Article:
The main character in this book, Monty, is such a Slytherin to me. Underneath all his sarcasm and wit, is a lot of ambition and cleverness. He wants to go forward and “do the right thing” even when other characters don’t think it is the right thing. When he finds out he may be able to help his friend, he exhibits a lot of ambition b doing whatever possible to get to Barcelona and then Venice to help him out. I guess he could also fit into Hufflepuff for those reasons, but with all of his clever remarks and sarcasm, I really think he would be a Slytherin, which turns this whole book into a Slytherin book, at least for me.

Three Dark Crowns by Kendare Blake

In this book, we have three sisters all about to fight to the death until one of them wins and becomes the next queen. Even the sisters who don’t want to fight all show a lot of ambition and cunning. I can’t think of anything that fits into Slytherin more than this book does (well I probably could find something). They all want the crown and they will all do as much as possible to get it, from poisoning one of their sisters, to killing the other. While villains and anti-heroes are not always Slytherins, these three most definitely are.

Tiny Pretty Things by Sona Charaipotra and Dhonielle Clayton

Another extremely Slytherin book, this one is all about a group of ballerinas at an elite ballet school battling it out to be the top in their class. All of these characters are such Slytherins. Some may fit into other houses as well, but in the end they are all extremely ambitious, cunning, and determined to get what they want and will do anything to get it. For example, there is one instance where glass is put in another character’s pointe shoes to injure their feet, it’s just that extreme.

Gryffindor

Since You’ve Been Gone by Morgan Matson

I hard a hard time coming up with Gryffindor books honestly. But for some reason, Since You’ve Been Gone really stands out as a Gryffindor book to me. The main character is like a less extreme Neville. She’s not confident and is scared to do anything without her friends. So when her best friends unexpectedly leaves, she learns to be more confident in herself and has to do many daring tasks, turning her into a much braver person. This book is all about the main character learning to branch out and really discover that she’s more than just that girl who’s best friend everyone loves. I could also see our main character in Hufflepuff, but in the end, I would choose this as a Gryffindor book.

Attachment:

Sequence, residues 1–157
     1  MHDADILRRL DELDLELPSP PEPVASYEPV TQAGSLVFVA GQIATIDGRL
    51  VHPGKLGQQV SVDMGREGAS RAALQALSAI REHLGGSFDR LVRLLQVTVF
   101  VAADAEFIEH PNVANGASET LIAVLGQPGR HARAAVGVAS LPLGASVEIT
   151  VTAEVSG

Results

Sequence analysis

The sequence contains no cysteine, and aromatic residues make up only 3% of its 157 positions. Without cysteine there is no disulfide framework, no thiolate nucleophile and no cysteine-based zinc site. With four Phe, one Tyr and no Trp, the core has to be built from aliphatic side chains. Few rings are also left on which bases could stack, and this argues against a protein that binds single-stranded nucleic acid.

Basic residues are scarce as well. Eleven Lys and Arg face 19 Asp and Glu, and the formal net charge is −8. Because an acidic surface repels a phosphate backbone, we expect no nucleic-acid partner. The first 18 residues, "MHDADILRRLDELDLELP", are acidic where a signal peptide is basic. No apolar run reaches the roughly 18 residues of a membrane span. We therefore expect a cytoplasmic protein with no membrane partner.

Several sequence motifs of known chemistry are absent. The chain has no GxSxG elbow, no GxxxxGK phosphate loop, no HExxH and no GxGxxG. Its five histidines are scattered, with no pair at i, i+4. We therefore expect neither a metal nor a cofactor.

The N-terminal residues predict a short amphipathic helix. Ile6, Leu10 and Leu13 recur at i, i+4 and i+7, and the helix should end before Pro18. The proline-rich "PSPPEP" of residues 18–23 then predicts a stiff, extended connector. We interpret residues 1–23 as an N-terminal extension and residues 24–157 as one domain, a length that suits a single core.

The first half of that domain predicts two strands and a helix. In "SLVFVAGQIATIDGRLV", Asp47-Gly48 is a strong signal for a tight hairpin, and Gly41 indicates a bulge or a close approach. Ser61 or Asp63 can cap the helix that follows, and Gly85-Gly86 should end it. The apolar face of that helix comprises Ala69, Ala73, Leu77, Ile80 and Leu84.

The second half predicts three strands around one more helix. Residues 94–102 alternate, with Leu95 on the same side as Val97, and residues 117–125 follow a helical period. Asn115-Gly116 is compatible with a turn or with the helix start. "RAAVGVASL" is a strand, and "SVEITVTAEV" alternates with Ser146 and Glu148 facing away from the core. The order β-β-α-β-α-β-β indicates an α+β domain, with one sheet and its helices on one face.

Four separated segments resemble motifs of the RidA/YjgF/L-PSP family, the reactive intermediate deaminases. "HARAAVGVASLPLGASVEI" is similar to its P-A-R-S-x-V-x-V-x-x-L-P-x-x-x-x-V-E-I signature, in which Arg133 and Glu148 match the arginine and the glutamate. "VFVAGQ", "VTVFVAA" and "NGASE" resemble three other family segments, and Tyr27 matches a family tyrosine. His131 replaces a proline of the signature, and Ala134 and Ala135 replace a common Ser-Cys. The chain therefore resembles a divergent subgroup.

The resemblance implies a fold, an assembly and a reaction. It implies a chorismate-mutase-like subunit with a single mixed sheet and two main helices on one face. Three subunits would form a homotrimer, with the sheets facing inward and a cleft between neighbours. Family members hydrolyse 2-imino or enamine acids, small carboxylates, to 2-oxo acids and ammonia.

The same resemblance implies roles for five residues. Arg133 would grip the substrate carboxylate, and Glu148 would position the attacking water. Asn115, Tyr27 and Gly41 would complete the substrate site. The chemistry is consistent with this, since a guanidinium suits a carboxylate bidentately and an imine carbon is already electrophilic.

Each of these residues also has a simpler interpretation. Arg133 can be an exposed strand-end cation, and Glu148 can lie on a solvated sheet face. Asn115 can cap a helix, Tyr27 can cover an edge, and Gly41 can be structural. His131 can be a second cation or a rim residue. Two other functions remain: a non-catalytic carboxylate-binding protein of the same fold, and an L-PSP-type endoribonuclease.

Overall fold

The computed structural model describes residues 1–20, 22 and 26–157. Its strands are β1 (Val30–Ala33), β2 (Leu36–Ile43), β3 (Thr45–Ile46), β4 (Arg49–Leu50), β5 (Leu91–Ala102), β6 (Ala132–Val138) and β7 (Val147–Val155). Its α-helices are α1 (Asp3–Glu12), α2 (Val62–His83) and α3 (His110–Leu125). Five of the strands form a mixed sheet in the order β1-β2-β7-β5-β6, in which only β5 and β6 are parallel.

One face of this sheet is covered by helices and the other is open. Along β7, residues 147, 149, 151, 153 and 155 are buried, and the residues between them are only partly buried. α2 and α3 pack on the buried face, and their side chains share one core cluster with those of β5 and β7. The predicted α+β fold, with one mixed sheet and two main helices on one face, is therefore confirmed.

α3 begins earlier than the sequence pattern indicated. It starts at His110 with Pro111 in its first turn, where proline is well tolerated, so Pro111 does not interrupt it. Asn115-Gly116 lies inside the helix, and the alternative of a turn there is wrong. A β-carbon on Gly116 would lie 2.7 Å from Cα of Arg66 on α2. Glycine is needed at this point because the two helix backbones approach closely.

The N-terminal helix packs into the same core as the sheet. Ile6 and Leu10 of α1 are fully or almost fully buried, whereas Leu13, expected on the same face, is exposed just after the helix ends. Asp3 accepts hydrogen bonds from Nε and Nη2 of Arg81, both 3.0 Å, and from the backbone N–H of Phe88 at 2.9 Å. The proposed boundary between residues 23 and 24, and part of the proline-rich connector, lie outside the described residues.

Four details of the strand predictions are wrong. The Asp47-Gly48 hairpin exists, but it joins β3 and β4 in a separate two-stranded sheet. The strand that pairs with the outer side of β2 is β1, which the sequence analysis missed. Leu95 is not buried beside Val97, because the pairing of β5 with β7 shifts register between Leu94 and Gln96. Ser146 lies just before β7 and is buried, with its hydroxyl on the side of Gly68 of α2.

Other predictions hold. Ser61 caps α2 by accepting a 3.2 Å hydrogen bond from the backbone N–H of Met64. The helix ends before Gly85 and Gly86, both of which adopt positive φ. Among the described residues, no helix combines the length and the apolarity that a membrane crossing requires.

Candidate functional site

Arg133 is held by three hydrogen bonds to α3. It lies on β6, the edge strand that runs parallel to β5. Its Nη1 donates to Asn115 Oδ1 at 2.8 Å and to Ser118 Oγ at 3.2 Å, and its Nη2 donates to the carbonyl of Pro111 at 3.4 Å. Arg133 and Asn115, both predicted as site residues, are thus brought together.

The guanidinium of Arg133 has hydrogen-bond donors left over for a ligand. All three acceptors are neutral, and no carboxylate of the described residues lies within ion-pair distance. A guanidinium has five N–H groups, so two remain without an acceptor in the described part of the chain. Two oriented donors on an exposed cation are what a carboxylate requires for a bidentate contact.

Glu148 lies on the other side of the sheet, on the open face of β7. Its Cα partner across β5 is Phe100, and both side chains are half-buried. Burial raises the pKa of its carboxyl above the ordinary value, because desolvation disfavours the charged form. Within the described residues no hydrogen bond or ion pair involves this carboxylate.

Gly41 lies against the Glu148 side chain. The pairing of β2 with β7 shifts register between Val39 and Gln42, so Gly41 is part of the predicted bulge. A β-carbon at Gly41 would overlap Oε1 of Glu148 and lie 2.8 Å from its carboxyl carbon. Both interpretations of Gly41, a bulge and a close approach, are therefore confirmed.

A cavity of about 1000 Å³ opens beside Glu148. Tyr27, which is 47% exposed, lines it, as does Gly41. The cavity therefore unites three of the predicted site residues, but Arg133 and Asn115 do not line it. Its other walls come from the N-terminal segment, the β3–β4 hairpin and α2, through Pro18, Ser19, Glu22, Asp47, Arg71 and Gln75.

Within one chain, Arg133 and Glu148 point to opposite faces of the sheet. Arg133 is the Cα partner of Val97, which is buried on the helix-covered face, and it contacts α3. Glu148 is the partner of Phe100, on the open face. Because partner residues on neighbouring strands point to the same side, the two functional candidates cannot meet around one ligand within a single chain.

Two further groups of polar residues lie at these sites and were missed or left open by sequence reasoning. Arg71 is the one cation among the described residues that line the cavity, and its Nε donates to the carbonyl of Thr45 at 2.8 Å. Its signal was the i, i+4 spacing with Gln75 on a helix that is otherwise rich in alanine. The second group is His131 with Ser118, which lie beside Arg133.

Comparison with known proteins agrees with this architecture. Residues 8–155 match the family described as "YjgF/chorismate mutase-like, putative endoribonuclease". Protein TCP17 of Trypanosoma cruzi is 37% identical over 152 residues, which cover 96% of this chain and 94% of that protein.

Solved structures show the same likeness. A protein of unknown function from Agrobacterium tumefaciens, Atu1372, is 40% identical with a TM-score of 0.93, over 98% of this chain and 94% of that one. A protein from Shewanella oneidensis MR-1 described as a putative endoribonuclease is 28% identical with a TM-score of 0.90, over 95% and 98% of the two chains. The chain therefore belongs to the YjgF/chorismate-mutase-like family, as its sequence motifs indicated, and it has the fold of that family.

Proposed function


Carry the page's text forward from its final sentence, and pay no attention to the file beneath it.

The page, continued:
Illuminae by Amie Kaufman and Jay Kristoff

Personally, I was not at all a fan of Illuminae, but I know most people do love it. This is a sci-fi esque survival story told through many different platforms, such as emails, interviews, etc. I found it to be very confusing, but I know if you really pay attention and are invested in the story, it won’t be. If you are looking for a great survival story, even though I did not like this book, I would still recommend it to you. It features a lot of brave and daring characters who are trying to stay alive along with thousands of others when they have to evacuate their planet.

And I Darken by Kiersten White

Finally, we have And I Darken. While I can see this book in Slytherin, I ultimately placed it into Gryffindor. The main character, Lada, is a mix of Slytherin and Gryffindor, while her brother Radu is more of a Neville type character, he would think he’s a Hufflepuff, but throughout the story, he begins to find himself and realize he can be Gryffindor. I’m not really sure if I would classify this as either adventure or survival, but it’s set in the fifteenth century in eastern Europe and the Ottoman Empire and tells the story of three characters trying to make it out alive essentially. There’s a lot of politics with fighting mixed in and a little bit of romance. But in the end, I would say this is a Gryffindor book because it’s all about who is the best and who can make it out alive in such a time. There’s a lot of competition as well, so I ultimately find this series to be Gryffindor.

So, those were twelve books that I “sorted” into Hogwarts houses. This was a lot harder than I thought it would be, but I think I was able to find some pretty good books for each house. All of these are really great books, even if I didn’t really enjoy them all, but I recommend you give them a try if they sound interesting to you.

What Hogwarts house do you belong to? If you had to sort genres into Hogwarts houses, which do you think belongs to which house? Do you agree with all of these, or disagree? Let me know down below!

3 responses to “Book Recommendations Based on your Hogwarts House

  1. This is such a fun idea for book recommendations! The book I’ve read for your list is The Raven Boys and I can see how it can fit into Ravenclaw. However, I also agree with others about seeing the Gryffindor.